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TitleOn the application of active open-loop and closed-loop controls on a circular cylinder in the presence and absence of a free surface
AuthorReid, Gina S.
DescriptionThesis (M.Sc.)--Memorial University of Newfoundland, 2011. Mathematics
Paginationxxviii, 259 leaves : ill. (chiefly col.)
SubjectCylinder (Mathematics); Free surfaces (Crystallography); Oscillations; Mathematical models
Degree GrantorMemorial University of Newfoundland. Dept. of Mathematics
NotesBibliography: leaves 255-259.
AbstractThis thesis focuses on the application of active open-loop and closed-loop controls on a circular cylinder in the presence and absence of a free surface. The numerical simulations are presented for two-dimensional, uniform, flow of a viscous incompressible fluid past a circular cylinder subject to forced (i) transverse or streamwise oscillations, or (ii) combined streamwise and transverse oscillations, which to the author's knowledge has not previously been studied. The goal of this thesis is to analyze in detail the effects of these three types of cylinder oscillations, and the inclusion of a free-surface on the vortex shedding modes in the near wake region, fluid forces acting on the cylinder as well as pressure distribution around the cylinder. -- The numerical method of the study is based on the finite-volume discretization of the special integral form of two-dimensional continuity and unsteady Navier-Stokes equations (when a solid body is present) based on a two-fluid model. The numerical simulations are conducted at a Reynolds number of R = 200, for the Froude numbers Fr = 0.0, Fr = 0.2 and 0.4, at three different cylinder submergence depths, h = 0.25, 0.5 and 0.75. The flow characteristics are examined for a maximum oscillation amplitude A = 0.13, and forcing cylinder oscillation frequency-to-natural vortex shedding frequency ratios ƒ/ƒ๐ = 1.25, 1.75, 2.25, 2.75. The numerical simulations are carried out using the computational fluid dynamics code developed by Dr. Kocabiyik's research group at Memorial University. -- The results detail the link between the lift force, equivorticity patterns and the pressure fields which was previously uncharted, and paves the way for understanding the application of active flow control mechanisms on coastal and offshore engineering systems.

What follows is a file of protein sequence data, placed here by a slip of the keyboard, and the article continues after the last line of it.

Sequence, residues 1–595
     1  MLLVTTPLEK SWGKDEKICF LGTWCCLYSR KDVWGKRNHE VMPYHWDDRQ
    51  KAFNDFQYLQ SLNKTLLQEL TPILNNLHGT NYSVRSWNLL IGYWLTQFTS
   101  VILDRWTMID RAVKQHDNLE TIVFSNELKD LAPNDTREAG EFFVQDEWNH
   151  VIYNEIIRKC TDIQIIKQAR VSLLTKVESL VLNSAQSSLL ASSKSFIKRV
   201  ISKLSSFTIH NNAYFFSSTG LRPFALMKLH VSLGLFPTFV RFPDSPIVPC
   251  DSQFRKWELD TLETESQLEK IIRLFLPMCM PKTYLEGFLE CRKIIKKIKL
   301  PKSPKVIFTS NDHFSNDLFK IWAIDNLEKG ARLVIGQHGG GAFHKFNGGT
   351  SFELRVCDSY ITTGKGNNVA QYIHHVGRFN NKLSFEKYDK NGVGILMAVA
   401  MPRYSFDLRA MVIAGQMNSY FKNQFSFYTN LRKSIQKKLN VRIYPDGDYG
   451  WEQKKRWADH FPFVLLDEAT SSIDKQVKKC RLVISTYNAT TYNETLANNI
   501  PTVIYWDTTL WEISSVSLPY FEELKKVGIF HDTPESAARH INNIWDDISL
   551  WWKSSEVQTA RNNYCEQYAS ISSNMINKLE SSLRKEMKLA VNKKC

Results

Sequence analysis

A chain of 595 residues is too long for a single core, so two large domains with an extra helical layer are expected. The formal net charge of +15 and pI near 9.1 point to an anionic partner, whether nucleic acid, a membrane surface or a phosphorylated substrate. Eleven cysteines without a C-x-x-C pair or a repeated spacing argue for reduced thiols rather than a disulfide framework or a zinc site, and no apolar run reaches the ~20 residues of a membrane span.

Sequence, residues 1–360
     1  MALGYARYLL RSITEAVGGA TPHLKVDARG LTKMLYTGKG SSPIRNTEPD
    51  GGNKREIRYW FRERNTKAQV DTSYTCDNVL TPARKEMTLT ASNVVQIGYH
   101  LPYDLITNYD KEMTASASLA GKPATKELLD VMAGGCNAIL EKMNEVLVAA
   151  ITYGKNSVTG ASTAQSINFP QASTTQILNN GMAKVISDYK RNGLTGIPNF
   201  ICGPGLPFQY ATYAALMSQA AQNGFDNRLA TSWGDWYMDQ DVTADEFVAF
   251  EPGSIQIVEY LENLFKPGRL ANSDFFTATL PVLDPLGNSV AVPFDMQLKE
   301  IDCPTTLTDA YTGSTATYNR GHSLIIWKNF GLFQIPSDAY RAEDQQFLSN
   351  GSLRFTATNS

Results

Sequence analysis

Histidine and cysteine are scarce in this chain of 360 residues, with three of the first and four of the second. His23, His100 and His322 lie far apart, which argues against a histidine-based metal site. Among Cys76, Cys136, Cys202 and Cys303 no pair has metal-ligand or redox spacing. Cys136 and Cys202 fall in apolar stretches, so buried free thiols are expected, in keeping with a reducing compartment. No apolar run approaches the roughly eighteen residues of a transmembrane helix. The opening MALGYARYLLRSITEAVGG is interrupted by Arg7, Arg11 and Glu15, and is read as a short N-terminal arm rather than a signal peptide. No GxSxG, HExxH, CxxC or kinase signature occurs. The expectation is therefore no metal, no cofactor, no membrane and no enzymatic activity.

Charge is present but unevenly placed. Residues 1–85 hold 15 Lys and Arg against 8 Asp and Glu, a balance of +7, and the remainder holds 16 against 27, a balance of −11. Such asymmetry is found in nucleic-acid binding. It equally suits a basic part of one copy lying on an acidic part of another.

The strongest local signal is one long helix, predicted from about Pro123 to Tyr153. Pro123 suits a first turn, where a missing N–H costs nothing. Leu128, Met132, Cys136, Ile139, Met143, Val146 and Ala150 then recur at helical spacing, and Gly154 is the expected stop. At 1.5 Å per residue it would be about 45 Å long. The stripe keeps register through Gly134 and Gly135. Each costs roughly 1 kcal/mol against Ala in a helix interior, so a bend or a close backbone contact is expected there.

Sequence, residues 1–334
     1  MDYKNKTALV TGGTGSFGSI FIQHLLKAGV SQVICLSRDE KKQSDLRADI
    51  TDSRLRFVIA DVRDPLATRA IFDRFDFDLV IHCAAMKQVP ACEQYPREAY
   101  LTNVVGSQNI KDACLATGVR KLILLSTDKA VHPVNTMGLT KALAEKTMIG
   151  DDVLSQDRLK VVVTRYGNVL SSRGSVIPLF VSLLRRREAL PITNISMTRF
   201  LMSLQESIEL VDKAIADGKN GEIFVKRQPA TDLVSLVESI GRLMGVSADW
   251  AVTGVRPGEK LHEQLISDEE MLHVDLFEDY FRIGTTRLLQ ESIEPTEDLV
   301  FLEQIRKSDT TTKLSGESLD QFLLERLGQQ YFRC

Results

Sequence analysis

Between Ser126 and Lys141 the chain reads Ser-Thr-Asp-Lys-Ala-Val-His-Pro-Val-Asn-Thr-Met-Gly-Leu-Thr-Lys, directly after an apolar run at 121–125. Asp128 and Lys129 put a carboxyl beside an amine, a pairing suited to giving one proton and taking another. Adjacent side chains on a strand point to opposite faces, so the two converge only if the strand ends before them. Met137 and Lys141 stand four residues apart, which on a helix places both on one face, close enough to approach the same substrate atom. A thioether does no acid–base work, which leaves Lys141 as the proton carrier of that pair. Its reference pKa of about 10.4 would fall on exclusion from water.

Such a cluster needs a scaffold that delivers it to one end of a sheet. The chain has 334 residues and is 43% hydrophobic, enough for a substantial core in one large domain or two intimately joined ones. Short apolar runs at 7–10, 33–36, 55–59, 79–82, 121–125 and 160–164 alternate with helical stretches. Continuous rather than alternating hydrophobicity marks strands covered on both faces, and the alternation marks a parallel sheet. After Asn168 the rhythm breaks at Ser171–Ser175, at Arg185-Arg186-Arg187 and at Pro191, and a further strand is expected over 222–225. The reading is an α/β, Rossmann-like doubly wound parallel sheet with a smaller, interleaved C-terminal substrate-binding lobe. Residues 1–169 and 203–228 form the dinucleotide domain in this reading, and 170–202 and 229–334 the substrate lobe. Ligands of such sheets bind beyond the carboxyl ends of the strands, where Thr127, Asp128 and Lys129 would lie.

Resource TypeElectronic thesis or dissertation
FormatImage/jpeg; Application/pdf
SourcePaper copy kept in the Centre for Newfoundland Studies, Memorial University Libraries
RightsThe author retains copyright ownership and moral rights in this thesis. Neither the thesis nor substantial extracts from it may be printed or otherwise reproduced without the author's permission.
CollectionElectronic Theses and Dissertations
Scanning StatusCompleted
PDF File(33.81 MB) --
CONTENTdm file name26773.cpd